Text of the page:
Bears Repeating from Jess Hill: Thinking critically about the role of AI in education
“The moon's an arrant thief, And her pale fire she snatches from the sun.”
― William Shakespeare, "Timon of Athens"
If you are in the field of education and preoccupied with teaching students to think for themselves — or in any profession with a healthy skepticism surrounding the automation of your industry due to artificial intelligence — you probably have been swamped with discussions and articles about “intelligent” computer systems. The current conversation seems to contain two schools of thought. One view is that ChatGPT or any form of generative artificial intelligence will cause the end of critical thinking, or, let’s face it, the end of civilization as we know it. The other view, equally distorted, is that AI, anthropomorphized by Hollywood and sci-fi movies, will solve our problems and make life and work much more efficient.
So where does that leave us as parents and educators who want our children and students to learn to think for themselves (not via bot) but also keep pace in a tech-driven future? Before going any further, I confess that I am not a technology or AI expert in any way. I have read quite a few articles about it and taken part as our faculty discusses the pros and cons of AI in teaching and learning. Thus far, in this nascent stage of LLM (large language model) technology, I tend to end up where I usually do, somewhere between the extremes of gloom and doom and Star Trek.
The reality is, AI is everywhere, and I do not want to underestimate the quakey feeling that a radically new technology elicits. In the 1970s, the first articles about artificial intelligence predicted that there would be no need for teachers by the end of that decade — AI would take their place. I am sure the fear in teacher lounges across America was exponential. On a smaller scale, I remember when graphing calculators were first introduced in the math classroom. Would there be a need to solve problems, learn calculus, use probability and statistics, or even graph a line ever again? We all wanted to know the answer, so the best teachers I knew leaned in to learn more about the technology alongside their students. They discovered the best ways to use a calculator as a tool for learning but not as the singular answer to every question.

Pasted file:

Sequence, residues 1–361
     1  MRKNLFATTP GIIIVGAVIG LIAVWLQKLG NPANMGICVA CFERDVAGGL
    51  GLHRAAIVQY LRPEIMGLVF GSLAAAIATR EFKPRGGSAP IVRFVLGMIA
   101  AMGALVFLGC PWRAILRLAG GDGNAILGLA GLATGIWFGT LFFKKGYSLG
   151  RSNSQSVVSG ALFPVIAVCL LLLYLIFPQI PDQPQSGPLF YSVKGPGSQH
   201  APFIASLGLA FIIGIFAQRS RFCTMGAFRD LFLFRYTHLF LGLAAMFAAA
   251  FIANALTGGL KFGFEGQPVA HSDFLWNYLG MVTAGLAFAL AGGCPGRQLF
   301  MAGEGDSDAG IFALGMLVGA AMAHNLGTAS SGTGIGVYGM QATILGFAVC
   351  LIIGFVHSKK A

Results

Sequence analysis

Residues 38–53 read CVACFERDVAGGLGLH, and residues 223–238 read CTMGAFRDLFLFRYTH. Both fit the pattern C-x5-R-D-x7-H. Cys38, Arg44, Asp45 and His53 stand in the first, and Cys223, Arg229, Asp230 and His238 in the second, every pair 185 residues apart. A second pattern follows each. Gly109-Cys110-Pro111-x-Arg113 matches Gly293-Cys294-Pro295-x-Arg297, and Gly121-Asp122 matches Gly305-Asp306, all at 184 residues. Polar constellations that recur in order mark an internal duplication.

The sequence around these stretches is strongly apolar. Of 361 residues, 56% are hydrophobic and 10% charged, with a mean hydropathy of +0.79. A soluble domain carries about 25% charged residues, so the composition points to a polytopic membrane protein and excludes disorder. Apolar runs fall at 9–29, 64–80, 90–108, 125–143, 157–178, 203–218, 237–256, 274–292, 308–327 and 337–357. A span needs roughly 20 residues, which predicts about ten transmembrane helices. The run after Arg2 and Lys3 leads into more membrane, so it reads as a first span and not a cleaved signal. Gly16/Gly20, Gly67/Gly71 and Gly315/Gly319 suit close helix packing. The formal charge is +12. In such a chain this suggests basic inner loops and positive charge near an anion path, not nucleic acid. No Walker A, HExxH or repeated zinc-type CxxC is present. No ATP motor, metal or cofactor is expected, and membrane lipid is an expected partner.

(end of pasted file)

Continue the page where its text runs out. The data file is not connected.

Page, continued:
This approach mirrors how our teachers are engaging with AI in this iteration. While more prominent and more powerful than any previous model, AI does not signify the end of in-person teaching. It actually calls on us to more fully acknowledge the value of creative thought, nuanced discussion, and personalized support in educating and mentoring children and young adults. Good teaching is not just about imparting knowledge but also about inspiring growth and curiosity.
Dr. Chris Dede, a researcher and professor at Harvard Graduate School of Education, has written blogs and articles that have helped my understanding of the potential strengths and limitations of generative artificial intelligence.
He compared AI and the new LLMs to a “digital parrot” because they can recall and give back whatever information they have cached. No doubt, generative AI is a vast storehouse for language and words from all cultures and contexts — far beyond the capacity of a parrot. It has conquered our use of idioms and the informal ways we seek knowledge and communicate. It doesn’t take much imagination to begin to think that artificial intelligence has human qualities, but make no mistake, it does not. Dr. Dede states that AI is a “brain without a mind.” Any human being, educated or not, is able to have feelings and a sense of moral and ethical judgment. AI does not. It is not able to plan or think the way we do. Nor can it reevaluate a conclusion after new understanding and broader experiences are gained. Intellectual humility is far beyond its scope.